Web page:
You might say the airlines have won. Travelers have finally adjusted to the new reality that everything, from seat selection to peanuts, is going to have a cost. And that cost has a name: “Personalization.” So passengers thinking they are getting ripped off by having to pay for items that have hertofore have always been free can now elevate these thoughts to a new concept: choice. What seat they sit in, what drink they imbibe, the size of a piece of luggage or luggage at all are not requirements of travel, they are by-products of personal choice.


What Price Choice

How much are travelers willing to pay for airline ancillary services such as seats, bags and food when traveling?  New research from Sabre has found that travelers would drop a hundred dollar bill to make their travel a little more “about me.”

Sabre surveyed travelers from 20 countries about what they would spend and why. The results show that 80 percent of travelers purchased air extras on their last trip, spending an average of $62.  When asked if they would spend more to “personalize” their trip, the answer was “yes” – up to $99 if it improved their travel experience.

Different Regions, Different Choices

The survey also found differences between what people from different regions would spend on extras. For instance, when asked what they would be most likely to spend money on, the most desired ancillaries were cabin class upgrades, on-board food and beverage and preferred seating and extra leg room – all at 11 percent.  This was followed by in-flight Wi-Fi (nine percent) and extra checked baggage (nine percent). The popularity of each ancillary varied between travelers from each region, with North Americans and Europeans choosing preferred seating and extra leg room; Latin Americans opting for on-board Wi-Fi, and Asia Pacific travelers selecting extra checked luggage.  For travelers from Africa and the Middle East, on-board food and beverage, and fast track security respectively topped their pick.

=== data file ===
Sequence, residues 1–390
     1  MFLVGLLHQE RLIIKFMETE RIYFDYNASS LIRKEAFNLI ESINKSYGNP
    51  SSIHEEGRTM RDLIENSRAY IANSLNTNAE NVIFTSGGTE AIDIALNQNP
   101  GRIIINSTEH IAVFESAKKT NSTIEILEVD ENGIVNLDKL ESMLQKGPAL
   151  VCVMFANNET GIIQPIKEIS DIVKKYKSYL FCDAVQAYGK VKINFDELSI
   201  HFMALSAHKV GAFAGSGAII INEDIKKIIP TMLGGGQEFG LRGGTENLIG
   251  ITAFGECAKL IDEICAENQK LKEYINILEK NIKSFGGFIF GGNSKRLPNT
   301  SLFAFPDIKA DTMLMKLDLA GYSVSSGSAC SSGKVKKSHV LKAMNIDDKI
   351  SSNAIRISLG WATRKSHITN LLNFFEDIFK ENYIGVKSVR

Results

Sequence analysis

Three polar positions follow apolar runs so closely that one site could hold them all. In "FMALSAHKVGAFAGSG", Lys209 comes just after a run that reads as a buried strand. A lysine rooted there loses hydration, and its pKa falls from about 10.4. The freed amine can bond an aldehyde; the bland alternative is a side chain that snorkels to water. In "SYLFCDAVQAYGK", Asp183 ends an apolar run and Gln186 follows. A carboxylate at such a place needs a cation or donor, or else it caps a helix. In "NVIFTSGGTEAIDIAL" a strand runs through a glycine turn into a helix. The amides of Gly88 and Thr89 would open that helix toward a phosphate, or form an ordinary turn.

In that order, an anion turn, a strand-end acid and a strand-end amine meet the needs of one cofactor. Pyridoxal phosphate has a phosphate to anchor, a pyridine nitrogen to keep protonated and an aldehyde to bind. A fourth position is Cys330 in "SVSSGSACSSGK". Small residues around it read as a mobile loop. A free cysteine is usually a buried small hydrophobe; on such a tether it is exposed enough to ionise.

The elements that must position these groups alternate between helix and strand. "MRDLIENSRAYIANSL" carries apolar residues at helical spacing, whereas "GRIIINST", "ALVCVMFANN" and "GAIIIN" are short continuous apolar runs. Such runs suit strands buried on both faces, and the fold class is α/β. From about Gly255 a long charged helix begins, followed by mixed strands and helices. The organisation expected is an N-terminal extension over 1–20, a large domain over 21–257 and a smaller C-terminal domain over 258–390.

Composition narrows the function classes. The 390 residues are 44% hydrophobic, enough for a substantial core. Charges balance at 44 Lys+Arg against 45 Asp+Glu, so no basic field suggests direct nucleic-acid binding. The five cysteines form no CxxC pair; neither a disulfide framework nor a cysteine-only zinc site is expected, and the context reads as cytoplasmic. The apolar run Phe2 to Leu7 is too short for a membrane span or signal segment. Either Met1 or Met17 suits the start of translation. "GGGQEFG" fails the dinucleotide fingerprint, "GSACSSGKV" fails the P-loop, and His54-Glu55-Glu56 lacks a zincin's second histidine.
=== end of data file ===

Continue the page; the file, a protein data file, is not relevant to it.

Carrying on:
Personalization, Personal Touch

While technology is preferred by most travelers to plan and book travel, human interaction still plays a significant role in some countries. In Latin America, almost half (48 percent) prefer the help of a consultant to plan and book travel, compared to around a third of travelers from other regions – 37 percent in the Middle East, 36 percent in Asia, 35 percent in Africa and North America, and 33 percent in Europe.

The study also revealed differences in the time it takes travelers around the world to book trips. African travelers were the fastest planners, with 33 percent saying they spent less than a day planning their last trip, compared to just 12 percent of travelers from Asia Pacific. At the other end of the scale, American travelers were the most likely to plan in advance with nine percent taking longer than a month, compared to just three percent of travelers from Africa and the Middle East.

“Both airlines and travel agencies have a role to play in providing travelers with a complete booking service that combines the convenience of technology with the power of human interaction,” said Shelly Terry, vice president of travel product solutions, Travel Network, Sabre.  “Airlines can maximise revenue by leveraging the expertise of travel agencies and ensuring their inventories are conveniently available to passengers through both direct and indirect channels, giving people the choice and freedom to book travel the way it suits them.”

More information on this study here.


Methodology: An online survey of 1,500 travelers from 20 countries in six regions was fielded in Sept and Oct 2016. Regions were North America (Canada, United States); Europe (France, Germany, Italy, Poland, United Kingdom); Latin America (Brazil, Mexico, Argentina); Asia-Pacific (China, India, Indonesia, South Korea); Africa (Egypt, South Africa, Nigeria); and the Middle East (Turkey, United Arab Emirates, Israel).  Respondents qualified if they had traveled by plane within the past two years.